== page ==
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An exhaustive review of biodegradation (biotic and abiotic) potential for Quaternary ammonium compounds, di-C16-18 (even numbered) -alkyldimethyl, chlorides

(indicated as DHTDMAC) has been done in the frame of the European Risk Assessment carried out by German Authorities and published in 2002. The conclusions of this review for the different compartments are summarized hereafter.

Degradation in Wastewater treatment plant (WWTP) and surface water

A modified closed bottle test was used to compare the biodegradability of DODMAC and DHTDMAC by a mixture of preadapted soil bacteria (Clancy & Tanner, 1991). The degradation of DODMAC was approx. 36% and that of DHTDMAC was approx. 19% of the theoretical BOD after 20 days (1 mg/L test substance, 15 mg/L O2-content). When the inoculum was not adapted degradation was only 8% at 1 mg/l DHTDMAC and 35% at 0.4 mg/L.

In a SCAS test (OECD 303A) with domestic sludge, DHTDMAC was eliminated to more than 95% after 45 days, measured as DOC reduction (Boutonnet, 1990). In a Zahn-Wellens-test (OECD 302B) with industrial activated sewage sludge, DHTDMAC was eliminated to more than 70% after 3 hours. Elimination reached 92 % after 15 days, measured as DOC reduction. A rate of biological degradation could not be determined (Hoechst, 1993a).

An OECD-confirmatory test was conducted with DHTDMAC and activated sludge from a domestic wastewater treatment plant (Hoechst, 1989d). The system was dosed with increasing concentrations of 0.5 -5 mg/l. Based on the concentration of disulfineblue active substance in the effluent of the test system the elimination was higher than 95% after 10 days.

The results of a continuous activated sludge test and a SCAS test are reported in ECETOC (1993). In the SCAS test 80 to 98% of 0.5 mg/L DSDMAC and DHTDMAC were adsorbed to the sludge after 7 days (Hopping, 1975). Production of 14CO2 could not be observed. In the CAS test 71.2% of 0.01 mg/l DSDMAC were adsorbed after 5 days (Shimp, 1992). Production of CO2 was not monitored.

Results for DODMAC and DHTDMAC degradation in batch activated sludge tests measuring 14CO2 production are cited in ECETOC 1993 (Brown, 1975). Degradation of DHTDMAC was better than DODMAC under the respective comparable conditions in every case (up to 89.8%, non-adapted, without LAS). Adaptation had no influence and increasing LAS concentrations had a slightly decreasing tendency.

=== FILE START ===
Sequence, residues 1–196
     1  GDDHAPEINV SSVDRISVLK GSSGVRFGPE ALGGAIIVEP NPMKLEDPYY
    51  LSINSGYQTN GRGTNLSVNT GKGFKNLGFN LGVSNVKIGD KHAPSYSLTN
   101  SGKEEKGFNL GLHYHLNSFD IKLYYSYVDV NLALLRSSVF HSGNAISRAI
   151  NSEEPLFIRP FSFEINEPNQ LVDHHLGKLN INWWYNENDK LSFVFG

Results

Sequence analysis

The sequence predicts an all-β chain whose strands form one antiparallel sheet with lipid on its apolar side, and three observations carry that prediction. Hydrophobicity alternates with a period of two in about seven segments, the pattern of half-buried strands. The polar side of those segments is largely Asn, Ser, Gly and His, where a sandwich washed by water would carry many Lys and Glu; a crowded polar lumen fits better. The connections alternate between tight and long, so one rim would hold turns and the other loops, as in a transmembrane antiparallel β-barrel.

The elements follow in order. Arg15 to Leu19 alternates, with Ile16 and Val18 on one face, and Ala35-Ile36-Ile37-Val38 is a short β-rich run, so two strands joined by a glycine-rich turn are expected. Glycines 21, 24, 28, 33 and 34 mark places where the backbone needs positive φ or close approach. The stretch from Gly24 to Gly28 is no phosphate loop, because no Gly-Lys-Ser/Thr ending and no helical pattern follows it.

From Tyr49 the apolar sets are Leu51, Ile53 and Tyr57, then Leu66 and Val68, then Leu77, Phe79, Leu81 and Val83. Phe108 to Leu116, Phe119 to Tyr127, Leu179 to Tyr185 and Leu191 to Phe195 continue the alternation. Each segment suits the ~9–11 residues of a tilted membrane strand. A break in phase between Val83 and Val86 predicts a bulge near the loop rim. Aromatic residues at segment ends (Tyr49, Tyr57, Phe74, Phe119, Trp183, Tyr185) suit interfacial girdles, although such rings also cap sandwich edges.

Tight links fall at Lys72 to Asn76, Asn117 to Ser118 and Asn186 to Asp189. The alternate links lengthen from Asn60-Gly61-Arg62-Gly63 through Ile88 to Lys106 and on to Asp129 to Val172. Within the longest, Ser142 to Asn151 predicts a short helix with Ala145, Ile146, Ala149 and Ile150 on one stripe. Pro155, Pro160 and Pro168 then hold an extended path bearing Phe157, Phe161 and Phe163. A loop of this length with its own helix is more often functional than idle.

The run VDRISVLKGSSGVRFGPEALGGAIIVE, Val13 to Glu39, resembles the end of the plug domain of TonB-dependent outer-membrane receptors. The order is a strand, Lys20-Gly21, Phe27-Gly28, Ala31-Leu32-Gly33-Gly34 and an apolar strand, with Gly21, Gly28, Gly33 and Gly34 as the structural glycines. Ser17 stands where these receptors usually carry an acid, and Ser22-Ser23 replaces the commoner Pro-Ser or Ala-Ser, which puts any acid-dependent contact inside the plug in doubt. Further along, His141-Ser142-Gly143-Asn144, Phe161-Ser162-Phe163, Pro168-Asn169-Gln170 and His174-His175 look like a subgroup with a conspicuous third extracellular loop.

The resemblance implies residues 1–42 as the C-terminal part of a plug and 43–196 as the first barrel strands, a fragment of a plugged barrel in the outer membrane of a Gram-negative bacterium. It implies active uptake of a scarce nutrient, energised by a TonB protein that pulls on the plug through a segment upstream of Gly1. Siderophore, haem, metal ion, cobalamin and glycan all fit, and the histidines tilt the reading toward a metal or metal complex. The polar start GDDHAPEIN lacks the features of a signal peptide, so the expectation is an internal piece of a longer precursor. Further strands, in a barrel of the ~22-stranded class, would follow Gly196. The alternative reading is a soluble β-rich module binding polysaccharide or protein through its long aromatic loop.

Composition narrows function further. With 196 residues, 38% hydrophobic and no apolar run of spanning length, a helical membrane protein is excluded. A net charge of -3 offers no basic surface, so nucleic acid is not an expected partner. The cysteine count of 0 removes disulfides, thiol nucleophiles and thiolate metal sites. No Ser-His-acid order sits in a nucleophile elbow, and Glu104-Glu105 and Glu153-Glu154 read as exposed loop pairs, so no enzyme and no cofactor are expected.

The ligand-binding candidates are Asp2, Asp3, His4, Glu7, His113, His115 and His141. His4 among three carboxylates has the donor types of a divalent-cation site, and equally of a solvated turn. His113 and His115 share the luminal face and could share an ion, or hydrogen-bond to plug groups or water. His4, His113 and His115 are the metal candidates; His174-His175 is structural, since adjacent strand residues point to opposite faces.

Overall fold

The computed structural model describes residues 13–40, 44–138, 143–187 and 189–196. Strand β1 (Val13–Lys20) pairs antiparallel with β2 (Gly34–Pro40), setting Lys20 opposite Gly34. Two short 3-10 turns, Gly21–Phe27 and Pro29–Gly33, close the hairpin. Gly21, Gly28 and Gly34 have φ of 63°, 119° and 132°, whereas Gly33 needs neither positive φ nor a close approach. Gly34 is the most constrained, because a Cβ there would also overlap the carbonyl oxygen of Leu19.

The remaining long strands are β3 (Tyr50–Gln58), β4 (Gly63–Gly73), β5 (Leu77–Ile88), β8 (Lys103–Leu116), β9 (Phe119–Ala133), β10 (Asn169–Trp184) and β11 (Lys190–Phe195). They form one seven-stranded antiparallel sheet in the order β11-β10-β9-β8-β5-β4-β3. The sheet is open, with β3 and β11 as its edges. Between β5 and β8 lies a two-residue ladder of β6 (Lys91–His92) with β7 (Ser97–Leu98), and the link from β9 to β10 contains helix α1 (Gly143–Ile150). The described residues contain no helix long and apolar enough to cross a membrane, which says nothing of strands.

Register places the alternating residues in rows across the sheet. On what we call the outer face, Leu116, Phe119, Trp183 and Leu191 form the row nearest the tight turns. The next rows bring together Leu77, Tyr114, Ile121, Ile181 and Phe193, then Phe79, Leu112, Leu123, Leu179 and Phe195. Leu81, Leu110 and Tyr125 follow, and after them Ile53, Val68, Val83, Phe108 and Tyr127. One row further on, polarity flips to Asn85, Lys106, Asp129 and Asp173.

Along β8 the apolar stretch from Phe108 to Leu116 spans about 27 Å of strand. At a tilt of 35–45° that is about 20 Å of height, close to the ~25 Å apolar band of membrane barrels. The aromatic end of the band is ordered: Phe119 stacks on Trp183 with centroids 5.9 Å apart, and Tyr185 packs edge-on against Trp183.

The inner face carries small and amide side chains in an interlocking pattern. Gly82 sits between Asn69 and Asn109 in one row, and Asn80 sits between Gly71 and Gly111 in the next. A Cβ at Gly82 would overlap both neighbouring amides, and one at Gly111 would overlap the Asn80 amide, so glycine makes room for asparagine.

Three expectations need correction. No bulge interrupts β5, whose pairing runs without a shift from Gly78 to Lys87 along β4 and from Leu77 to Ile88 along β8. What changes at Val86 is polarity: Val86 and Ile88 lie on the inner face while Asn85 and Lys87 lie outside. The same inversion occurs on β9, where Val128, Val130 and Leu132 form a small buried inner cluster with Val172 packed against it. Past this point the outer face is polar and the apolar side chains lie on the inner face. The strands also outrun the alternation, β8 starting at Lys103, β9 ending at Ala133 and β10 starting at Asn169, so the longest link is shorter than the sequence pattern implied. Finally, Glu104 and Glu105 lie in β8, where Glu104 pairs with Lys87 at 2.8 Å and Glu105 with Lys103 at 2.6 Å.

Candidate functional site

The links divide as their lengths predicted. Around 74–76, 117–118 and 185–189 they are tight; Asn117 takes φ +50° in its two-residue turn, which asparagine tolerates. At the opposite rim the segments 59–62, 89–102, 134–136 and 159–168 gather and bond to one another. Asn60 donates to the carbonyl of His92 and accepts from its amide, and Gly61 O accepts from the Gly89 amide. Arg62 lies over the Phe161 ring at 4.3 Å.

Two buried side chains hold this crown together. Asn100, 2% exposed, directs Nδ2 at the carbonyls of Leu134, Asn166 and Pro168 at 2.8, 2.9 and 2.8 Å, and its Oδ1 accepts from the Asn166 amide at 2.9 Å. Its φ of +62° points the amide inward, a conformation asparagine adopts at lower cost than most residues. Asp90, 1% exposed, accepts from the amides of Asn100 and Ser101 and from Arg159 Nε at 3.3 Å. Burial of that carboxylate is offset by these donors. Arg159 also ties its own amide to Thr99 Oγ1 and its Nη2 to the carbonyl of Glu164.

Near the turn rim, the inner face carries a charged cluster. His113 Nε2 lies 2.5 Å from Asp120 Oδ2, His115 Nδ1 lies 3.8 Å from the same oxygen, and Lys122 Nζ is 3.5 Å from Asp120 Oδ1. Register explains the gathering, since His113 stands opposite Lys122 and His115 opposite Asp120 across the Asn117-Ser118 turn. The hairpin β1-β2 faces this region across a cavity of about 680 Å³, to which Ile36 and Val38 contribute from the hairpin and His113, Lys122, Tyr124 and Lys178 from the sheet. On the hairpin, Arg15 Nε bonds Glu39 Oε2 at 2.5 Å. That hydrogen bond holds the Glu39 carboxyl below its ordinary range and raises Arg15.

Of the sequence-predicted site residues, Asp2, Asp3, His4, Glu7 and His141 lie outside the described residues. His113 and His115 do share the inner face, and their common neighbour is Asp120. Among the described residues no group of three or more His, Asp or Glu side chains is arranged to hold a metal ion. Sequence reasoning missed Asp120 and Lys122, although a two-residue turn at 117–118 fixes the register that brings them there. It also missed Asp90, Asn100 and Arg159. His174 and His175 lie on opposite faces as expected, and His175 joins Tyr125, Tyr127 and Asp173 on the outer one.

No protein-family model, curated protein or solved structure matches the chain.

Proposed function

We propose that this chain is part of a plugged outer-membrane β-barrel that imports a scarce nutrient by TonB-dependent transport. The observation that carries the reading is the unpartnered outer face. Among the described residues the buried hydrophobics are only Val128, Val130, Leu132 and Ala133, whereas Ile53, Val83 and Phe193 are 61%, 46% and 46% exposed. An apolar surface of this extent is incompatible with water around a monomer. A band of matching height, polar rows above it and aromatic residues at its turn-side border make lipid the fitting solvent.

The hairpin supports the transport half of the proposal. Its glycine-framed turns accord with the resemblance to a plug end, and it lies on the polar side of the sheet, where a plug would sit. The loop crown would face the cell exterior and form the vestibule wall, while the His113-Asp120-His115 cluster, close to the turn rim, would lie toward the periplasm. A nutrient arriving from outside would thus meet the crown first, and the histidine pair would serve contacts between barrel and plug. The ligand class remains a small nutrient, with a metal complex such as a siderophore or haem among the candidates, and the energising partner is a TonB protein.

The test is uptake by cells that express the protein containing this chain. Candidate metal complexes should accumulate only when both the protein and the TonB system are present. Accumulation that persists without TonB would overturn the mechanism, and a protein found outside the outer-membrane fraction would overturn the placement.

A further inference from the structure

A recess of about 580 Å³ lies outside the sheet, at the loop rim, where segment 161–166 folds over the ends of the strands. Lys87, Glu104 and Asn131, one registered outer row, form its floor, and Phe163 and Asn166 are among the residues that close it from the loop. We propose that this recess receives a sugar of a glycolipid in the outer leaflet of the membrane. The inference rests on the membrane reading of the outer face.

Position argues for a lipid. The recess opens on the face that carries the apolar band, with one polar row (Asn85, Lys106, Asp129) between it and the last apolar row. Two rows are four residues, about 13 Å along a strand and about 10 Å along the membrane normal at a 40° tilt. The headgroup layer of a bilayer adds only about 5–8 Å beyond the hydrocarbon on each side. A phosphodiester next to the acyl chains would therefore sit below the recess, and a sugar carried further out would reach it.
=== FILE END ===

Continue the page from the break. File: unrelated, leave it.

In another river water die-away test primary degradation of DHTDMAC was assessed (Schneider & Levson, 1987). With an initial concentration of 8.25 mg/L 70% degradation were observed after 40 and 70 days. With a substance concentration of 0.5 mg/L primary degradation was almost the same with 75% after 40 and 55 days. Degradation started after 15 resp. 20 days. Therefore DHTDMAC is biodegradable.

It is shown in several tests that DHTDMAC is not readily biodegradable.

Adaptation seems to be necessary for significant degradation but even then mineralisation is very slow. In river water tests with adapted inocula degradation is occurring with a half-life in the range of several weeks.

Most of the data referring to the elimination in wastewater treatment plants do not distinguish between biodegradation and adsorption. Therefore no degradation constant can be derived.

In 1991, van Ginkel assessed the biodegradation potential of DHTDMAC in the frame of a 301D test. This report has been identified as the key report. Secondary activated sludge was obtained from a plant treating predominately domestic wastewater. The sludge was pre-conditioned to reduce the endogenous respiration rates. To precondition, the sludge (200 mg Dry Weight (DW)/Litre) was aerated for a period of one week. The sludge was diluted to a concentration in the BOD bottles of 2 mg DW/Litre. Ammonium chloride was omitted from the medium to prevent nitrification. Due to omission the pH of the medium decreased slightly. DHTDMAC was not biodegraded in the closed bottle test after 28 days (3%). However, in the prolonged closed bottle test DHTDMAC is biodegraded 68 % at Day 287.The pH of the medium at day 28 was 6.9.